I went into Spencer with great trepidation. If its director, Chile's Pablo Larraín, counts among the most exciting filmmakers working anywhere in the world today, his English-language assignments (the mixed bag of 2016's Jackie, on which he was a late hire; the disastrous Stephen King adaptation Lisey's Story, for Apple TV+) have proven far less satisfying than the material he's developed for himself, in his own idiom. And just on an emotional level, this particular story would seem to demand some form of engagement with that strata of moneyed weirdoes who've conspired to leave the UK the cowed and backward-looking nation it currently is. Beyond that, the film's earliest observers, whether pro or anti, were united in their observation that Spencer is an odd one in itself. It's certainly that. Anyone drawn here by the bingeable sheen of TV's Downton or The Crown is in for a big surprise; I imagine the execs at STX Films took a very sharp intake of breath upon seeing what they'd signed on to distribute. It's odd because it's the work of three forceful creatives who don't tesselate or cancel one another out, but instead keep stepping on one another's toes. For the screenwriter Steven Knight (Locke), this is another self-contained character study of an individual navigating a moment of crisis: in this most illustrious of cases, Diana, Princess of Wales, tracked over one Christmas as she realises her fairytale marriage has become a dead end. For Larraín, it's a prime opportunity to further subvert our expectations of the costume drama, while dabbling in Gothic horror and comedy. For the still broadly underappreciated star Kristen Stewart, it's a shot at the Oscar by playing an unhappy and ultimately doomed public figure. Yet far from the stodgy awards bait I was dreading, Spencer shapes up as a real kittens-in-a-sack movie, eternally unable to resolve its own internal tensions. Any commentary this vaguely bemused viewer can provide can only be provisional; what it really cries out for is a half-hour CNN special in which Harry and Wills Siskel-and-Ebert the shit out of it.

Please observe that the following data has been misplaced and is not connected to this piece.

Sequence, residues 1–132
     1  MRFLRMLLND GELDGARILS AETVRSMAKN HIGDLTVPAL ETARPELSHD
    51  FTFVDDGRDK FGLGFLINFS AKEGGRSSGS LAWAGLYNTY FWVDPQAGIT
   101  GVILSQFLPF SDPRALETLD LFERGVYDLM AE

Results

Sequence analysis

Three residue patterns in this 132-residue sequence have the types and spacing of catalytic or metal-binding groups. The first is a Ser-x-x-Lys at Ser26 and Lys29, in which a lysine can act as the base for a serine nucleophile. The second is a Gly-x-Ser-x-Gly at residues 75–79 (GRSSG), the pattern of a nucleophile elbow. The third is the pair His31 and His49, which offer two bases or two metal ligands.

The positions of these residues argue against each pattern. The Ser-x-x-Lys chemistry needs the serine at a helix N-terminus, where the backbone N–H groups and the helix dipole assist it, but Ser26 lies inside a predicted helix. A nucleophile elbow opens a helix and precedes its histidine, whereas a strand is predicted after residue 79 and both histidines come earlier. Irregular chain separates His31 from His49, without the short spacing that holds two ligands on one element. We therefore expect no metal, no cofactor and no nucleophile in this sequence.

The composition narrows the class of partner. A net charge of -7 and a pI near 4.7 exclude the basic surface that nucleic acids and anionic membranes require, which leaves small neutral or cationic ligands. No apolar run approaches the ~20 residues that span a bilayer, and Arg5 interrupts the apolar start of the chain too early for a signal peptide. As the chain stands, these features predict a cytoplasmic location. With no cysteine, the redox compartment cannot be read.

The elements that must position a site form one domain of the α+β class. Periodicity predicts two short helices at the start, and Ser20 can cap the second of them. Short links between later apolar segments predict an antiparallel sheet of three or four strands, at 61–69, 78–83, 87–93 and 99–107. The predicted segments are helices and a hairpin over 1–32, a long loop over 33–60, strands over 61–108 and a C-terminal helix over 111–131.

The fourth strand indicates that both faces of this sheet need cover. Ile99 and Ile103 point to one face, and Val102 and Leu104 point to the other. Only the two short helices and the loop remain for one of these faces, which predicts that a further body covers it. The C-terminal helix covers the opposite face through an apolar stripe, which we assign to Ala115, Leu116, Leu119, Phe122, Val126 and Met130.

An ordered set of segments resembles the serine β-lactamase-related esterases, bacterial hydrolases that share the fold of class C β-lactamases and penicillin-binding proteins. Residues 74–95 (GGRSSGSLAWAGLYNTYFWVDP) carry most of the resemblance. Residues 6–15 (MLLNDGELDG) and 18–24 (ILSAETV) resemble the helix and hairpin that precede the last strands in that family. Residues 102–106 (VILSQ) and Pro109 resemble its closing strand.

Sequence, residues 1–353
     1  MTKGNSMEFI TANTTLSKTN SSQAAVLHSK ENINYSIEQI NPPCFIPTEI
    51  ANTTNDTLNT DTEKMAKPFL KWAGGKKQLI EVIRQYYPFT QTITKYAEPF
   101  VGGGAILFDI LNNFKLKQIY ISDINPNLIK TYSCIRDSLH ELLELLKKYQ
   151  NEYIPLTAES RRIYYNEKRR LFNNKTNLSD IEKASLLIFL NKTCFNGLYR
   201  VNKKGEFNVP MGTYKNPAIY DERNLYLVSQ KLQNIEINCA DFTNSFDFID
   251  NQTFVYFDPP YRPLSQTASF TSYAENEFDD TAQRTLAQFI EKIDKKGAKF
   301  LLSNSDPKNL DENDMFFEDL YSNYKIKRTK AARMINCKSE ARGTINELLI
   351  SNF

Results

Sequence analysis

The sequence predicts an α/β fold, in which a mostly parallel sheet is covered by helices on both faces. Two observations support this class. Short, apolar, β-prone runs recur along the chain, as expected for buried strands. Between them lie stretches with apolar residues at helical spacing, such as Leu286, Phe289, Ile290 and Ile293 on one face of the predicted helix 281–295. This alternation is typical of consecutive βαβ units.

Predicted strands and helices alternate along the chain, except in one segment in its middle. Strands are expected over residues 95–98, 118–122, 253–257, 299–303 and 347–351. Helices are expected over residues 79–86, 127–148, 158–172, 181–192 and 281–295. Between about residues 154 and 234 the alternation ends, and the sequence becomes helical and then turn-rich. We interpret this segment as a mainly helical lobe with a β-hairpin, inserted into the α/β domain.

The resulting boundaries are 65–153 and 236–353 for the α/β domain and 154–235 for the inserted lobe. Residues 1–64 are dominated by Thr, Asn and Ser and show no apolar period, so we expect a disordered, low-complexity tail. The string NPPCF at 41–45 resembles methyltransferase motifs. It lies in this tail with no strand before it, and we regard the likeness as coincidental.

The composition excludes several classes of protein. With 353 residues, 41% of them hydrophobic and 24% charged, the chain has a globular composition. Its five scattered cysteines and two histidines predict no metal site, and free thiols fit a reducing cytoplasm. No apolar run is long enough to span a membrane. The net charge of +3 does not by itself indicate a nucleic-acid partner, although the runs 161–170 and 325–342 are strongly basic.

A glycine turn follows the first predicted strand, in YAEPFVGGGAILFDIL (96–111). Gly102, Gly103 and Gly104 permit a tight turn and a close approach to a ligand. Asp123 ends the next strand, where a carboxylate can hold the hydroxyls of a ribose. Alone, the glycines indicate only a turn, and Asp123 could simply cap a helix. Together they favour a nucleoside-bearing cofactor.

What Spencer gets right, I think, is how this family contrive to make an irksome fuss out of everything. The tragedy of the House of Windsor is that its individual constituents could easily live small, simple lives in nice, normal houses - but they don't or won't, and so just getting from A to B becomes a right royal chore. That's the thrust of the film's opening argument, which takes what should be a brisk introductory sequence (Diana's arrival at Sandringham on Christmas Eve) and diverts it via dead grouses (an augury of things to come), a greasy spoon ("it's Diana!"), impromptu search parties, and a scarecrow who instantly appears better off out of it. When our heroine finally shows up at the appointed destination, late, the doors are shut, and there's no sign of the welcome party that had been on screen five minutes earlier for Her Maj. Lunch will drag on roughly as long as the Civil War, and involve pearls in the pea soup (a great, textured movie image, of the kind Larraín specialises in); Diana can't even get dressed for it without someone barging into her quarters and starting an argument of some kind. (Sometimes, this is the ghost of Anne Boleyn. It's that kind of film.) We've all known rather testy and fractious Christmases, in real life and the movies - Stewart skipped through one in last year's Happiest Season - but this one's on another level entirely, like The Family Stone extended into a greater ordeal yet. As Jonny Greenwood's score, an unholy hybrid of classical and jazz, parps and lurches around each frame, what would in the heyday of the royals be referred to, with all due deference, as pomp and circumstance gets coolly reassessed and recategorised as just the most agonising faff. The Princess maintains relatively normal relations with her sons; to the last, Knight subscribes to the commonly held belief that Diana was a Great Mum. Yet her encounters with the Sandringham staff (Timothy Spall's head butler, Sean Harris's chef, Sally Hawkins' besotted dresser) are governed by a formal awkwardness that is partly that of the characters, and partly that of the film, the result of three different creative drives operating more or less in parallel.